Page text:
In brief: Most kids that do watch YouTube Kids tend to switch over to the main app before they hit the age of 13 and once they leave, they don't come back. Jenny Radesky, a University of Michigan assistant professor of pediatrics and an expert on childhood development, said that once kids "let the genie out of the bottle with YouTube main," it is hard for them to go back. YouTube Kids often feels too baby-ish or restrictive afterwards, she added.
YouTube Kids, the youth-focused version of Google's video sharing platform with a slant towards kid-friendly content, has spent more than four years creating a safe haven for younger viewers. Through its curated selection of content, parental controls and improved recommendation engine, YouTube has invested heavily in making YouTube Kids a place that offers parents peace of mind.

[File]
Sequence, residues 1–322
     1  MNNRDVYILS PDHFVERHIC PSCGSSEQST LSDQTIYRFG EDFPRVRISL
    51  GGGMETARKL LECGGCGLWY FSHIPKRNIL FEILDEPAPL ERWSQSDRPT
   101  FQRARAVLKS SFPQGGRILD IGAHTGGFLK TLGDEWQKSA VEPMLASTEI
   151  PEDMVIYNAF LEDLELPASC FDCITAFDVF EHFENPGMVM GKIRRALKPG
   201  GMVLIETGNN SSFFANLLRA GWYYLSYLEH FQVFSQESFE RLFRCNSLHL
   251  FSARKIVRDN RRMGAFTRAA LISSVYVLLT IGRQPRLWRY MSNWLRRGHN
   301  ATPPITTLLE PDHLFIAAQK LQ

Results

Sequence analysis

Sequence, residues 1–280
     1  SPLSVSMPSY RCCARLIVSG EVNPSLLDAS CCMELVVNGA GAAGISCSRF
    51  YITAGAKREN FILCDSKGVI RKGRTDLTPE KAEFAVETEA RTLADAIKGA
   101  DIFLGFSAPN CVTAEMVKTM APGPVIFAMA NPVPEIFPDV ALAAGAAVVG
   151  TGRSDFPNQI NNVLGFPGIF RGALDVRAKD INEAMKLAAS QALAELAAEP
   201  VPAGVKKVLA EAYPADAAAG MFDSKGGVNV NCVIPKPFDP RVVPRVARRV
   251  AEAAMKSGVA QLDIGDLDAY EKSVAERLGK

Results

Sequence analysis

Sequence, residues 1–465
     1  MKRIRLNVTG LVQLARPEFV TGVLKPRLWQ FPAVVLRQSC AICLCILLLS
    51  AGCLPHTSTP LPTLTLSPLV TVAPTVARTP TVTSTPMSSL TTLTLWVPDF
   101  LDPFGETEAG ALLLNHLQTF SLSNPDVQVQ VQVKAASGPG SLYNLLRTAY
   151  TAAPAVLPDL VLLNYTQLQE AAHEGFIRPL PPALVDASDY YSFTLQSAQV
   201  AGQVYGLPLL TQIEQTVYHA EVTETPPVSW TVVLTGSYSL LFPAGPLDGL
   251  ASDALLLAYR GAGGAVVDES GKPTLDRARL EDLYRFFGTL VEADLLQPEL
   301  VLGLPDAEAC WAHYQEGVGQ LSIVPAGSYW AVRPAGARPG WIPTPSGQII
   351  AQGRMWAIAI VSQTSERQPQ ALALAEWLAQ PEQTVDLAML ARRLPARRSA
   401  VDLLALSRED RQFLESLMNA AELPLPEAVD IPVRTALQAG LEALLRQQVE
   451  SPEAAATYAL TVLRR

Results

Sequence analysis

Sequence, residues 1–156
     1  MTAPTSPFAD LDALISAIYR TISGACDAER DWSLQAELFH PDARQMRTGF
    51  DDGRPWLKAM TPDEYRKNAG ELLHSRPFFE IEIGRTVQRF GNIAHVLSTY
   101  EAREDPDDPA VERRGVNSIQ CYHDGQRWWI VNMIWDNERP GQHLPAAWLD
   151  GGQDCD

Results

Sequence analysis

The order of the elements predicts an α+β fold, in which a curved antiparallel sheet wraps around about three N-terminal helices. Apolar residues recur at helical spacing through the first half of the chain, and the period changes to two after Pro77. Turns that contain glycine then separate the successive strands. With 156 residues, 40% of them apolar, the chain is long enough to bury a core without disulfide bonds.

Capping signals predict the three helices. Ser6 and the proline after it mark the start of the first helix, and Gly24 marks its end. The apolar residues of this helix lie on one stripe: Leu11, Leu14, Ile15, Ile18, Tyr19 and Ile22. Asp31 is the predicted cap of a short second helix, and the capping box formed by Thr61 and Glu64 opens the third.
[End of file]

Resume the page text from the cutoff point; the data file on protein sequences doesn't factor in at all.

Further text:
The problem, it seems, is that not many people are convinced.
A spokesperson for YouTube Kids told Bloomberg that more than 20 million people utilize the platform each week. That may sound like a lot but in comparison, the main YouTube app boasts more than two billion monthly users.
Despite facing heavy criticism regarding toxic videos and backlash regarding how it handles the matter, YouTube isn't being forced to make any immediate changes. According to Insight Strategy Group, a full 97 percent of children have used YouTube with kids between the ages of five and 12 reporting they spend more time on YouTube than anywhere else online.
Masthead credit: YouTube Kids by Myndalion